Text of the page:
Interesting. That's interesting. Here's what Ed Kilgore wrote in New York Magazine, Kasie, that, "Biden's bad night exposed some dangerous weakness for him. “(1) His age and the associated impression that he's not up to the job and perhaps is just living in the past; (2) his possible complacency as the early frontrunner.; and 3) his heavy dependence on African American voters for his current lead and his clear vulnerability on his record on racially sensitive issues." That as much as it was a big moment for Harris, that this is probably the more important takeaway.

KASIE HUNT:

I mean, they're all great points. And I do think it's, it’s that big picture. It's everything taken together about what we saw with Joe Biden standing on that stage. This idea that he's almost been running a Hillary-esque campaign, where he's been the frontrunner. He hasn't wanted to appear on the same stage with a lot of his rivals very frequently. He's doing a lot of these high-dollar fundraisers where he's making comments that when taken outside, you know, out of the context of that room, you know, the voters who are focused on populist policies feel like they don’t, his comments don't quite sound right. And all of those questions that are kind of underlying this, that people are, you know, not, were a little reluctant to push it right into the center. But, you know, the president has been using this criticism that, you know, basically that the vice president has lost a step. And every single thing that the campaign and that the candidate in Joe Biden does that feeds into that is a problem for them.

CHUCK TODD:

Yamiche, here's what Michelle Goldberg wrote after Kamala Harris' -- because I also think this is important. "There was near-universal consensus that Kamala Harris triumphed on Thursday, scoring a devastating blow against Biden in an exchange about busing. The question now is whether these victories can convince battle-scarred Democratic women to believe once again that a woman can beat Donald Trump."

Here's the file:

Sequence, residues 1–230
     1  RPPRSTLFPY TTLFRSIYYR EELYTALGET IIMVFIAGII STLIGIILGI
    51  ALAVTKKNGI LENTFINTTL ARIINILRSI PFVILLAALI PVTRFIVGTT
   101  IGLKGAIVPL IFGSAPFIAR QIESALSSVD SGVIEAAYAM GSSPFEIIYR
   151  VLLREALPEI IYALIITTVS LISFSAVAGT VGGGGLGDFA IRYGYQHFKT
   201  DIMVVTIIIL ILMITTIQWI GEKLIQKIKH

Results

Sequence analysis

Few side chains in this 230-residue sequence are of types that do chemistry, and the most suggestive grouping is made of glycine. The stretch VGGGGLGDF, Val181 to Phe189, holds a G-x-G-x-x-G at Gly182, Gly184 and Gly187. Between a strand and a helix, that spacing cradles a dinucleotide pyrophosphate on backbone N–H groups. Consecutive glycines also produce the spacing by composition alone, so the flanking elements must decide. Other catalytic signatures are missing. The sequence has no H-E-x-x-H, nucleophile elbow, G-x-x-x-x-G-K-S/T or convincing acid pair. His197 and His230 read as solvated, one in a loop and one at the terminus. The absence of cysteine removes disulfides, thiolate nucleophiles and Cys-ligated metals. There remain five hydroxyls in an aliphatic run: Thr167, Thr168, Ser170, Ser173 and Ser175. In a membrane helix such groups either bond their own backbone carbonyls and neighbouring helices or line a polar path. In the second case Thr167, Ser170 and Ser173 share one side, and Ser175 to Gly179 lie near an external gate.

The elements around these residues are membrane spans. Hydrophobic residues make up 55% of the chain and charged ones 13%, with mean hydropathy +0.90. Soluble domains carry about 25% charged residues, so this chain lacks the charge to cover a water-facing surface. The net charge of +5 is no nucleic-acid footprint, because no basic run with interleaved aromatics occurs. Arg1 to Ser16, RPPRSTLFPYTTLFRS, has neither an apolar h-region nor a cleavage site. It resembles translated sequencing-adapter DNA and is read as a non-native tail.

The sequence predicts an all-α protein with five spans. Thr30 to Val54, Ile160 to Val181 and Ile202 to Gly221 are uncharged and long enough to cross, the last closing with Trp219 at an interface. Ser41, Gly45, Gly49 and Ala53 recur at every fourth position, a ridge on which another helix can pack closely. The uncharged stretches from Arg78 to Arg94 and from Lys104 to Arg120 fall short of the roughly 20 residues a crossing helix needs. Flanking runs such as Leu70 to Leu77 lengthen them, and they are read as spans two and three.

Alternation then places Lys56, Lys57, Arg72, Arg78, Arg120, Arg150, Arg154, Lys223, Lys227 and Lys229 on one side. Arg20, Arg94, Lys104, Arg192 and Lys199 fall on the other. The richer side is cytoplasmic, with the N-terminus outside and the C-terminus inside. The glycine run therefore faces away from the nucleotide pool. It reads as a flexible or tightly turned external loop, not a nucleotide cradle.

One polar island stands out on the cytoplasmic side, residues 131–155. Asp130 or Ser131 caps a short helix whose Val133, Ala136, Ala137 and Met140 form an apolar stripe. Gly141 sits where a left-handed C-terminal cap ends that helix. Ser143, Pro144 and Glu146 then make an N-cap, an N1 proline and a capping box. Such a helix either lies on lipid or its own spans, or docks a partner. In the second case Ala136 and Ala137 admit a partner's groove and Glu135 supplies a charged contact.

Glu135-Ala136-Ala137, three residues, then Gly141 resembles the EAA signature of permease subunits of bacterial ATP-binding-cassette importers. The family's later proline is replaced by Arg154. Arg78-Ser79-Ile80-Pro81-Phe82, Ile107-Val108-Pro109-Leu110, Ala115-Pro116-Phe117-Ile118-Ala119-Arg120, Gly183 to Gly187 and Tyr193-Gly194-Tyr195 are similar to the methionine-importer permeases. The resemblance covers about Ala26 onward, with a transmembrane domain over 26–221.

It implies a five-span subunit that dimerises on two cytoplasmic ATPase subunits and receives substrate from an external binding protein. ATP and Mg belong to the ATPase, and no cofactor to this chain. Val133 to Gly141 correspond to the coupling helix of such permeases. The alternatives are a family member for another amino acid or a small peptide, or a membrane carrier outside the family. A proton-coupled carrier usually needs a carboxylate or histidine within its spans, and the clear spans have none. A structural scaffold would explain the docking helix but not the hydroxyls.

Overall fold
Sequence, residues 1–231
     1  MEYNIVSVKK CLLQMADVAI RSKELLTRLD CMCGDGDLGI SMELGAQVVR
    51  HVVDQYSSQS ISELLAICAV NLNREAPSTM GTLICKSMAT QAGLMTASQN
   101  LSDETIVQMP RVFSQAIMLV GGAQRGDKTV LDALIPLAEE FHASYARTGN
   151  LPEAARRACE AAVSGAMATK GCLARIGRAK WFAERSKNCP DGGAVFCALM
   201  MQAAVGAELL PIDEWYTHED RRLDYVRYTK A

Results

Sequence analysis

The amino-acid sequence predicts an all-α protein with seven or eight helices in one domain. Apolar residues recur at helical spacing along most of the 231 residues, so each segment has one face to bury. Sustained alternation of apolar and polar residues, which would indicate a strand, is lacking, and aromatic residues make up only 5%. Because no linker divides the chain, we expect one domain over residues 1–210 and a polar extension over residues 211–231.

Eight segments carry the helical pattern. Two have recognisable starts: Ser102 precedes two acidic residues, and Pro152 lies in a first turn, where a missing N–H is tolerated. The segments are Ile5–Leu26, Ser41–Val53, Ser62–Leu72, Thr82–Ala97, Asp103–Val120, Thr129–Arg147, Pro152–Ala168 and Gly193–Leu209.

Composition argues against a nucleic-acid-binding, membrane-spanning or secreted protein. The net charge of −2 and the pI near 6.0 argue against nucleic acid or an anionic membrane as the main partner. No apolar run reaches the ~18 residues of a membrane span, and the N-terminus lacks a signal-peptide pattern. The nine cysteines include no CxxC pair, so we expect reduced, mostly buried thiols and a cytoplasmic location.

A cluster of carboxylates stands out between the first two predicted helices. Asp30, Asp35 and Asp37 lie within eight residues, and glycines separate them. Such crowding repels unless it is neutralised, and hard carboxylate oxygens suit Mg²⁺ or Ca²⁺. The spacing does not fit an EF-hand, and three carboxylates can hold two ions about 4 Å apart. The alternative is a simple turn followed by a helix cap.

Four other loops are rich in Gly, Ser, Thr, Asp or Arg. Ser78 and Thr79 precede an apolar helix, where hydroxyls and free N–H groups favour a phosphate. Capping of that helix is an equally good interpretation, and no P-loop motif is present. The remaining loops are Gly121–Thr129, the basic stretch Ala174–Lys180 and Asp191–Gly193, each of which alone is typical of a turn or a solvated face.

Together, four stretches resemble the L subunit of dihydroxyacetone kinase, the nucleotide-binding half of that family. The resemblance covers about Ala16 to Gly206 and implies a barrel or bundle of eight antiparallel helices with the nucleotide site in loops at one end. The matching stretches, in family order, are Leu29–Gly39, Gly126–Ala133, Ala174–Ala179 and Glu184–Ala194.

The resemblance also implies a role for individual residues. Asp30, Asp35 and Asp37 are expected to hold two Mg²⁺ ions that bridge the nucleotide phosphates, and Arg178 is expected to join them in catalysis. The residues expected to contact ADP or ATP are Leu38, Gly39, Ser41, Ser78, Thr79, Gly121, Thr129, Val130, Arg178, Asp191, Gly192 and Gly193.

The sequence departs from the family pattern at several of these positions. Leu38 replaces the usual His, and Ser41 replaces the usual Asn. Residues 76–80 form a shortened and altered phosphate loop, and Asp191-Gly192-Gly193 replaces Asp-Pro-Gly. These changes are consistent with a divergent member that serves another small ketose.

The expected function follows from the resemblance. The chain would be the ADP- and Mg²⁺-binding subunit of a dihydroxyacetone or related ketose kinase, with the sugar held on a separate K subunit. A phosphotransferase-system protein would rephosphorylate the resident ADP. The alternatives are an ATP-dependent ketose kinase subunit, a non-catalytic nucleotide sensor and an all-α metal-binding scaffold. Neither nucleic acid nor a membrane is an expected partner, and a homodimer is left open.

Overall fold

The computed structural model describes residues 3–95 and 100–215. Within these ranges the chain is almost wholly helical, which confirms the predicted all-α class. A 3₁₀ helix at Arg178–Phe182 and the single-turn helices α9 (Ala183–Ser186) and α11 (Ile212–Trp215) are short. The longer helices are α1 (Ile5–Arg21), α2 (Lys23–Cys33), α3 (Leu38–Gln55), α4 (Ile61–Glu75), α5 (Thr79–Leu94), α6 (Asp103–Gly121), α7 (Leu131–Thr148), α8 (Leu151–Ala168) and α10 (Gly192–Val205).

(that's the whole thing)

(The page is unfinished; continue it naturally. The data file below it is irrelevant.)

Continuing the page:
YAMICHE ALCINDOR:

I think what we learned this week was that this is really, that that exchange between Kamala Harris, Kamala Harris and Joe Biden was really I think at the core of what’s the Democratic Party is mulling over. She started that exchange by saying, "As the only black woman on this stage, I want a minute to talk about race." And I think what she was doing there was putting her race at the center in a way that sometimes people are worried about candidates doing but putting her actual personal story out there. I think by doing that, she did something that Joe Biden couldn't compete with. It wasn't just that he didn't have an answer. It was that he can't say, "I was a little girl on that bus." And I think when you watched him kind of try to get the story right and try to get his explaining right over the last couple days they haven't been able to get it right. And the aides that I talk to understand that a lot of that is because they're still struggling with this idea that he does have these quotes. He called busing an "asinine policy." He said that it was a liberal train wreck.

CHUCK TODD:

Wanted a constitutional amendment.

YAMICHE ALCINDOR: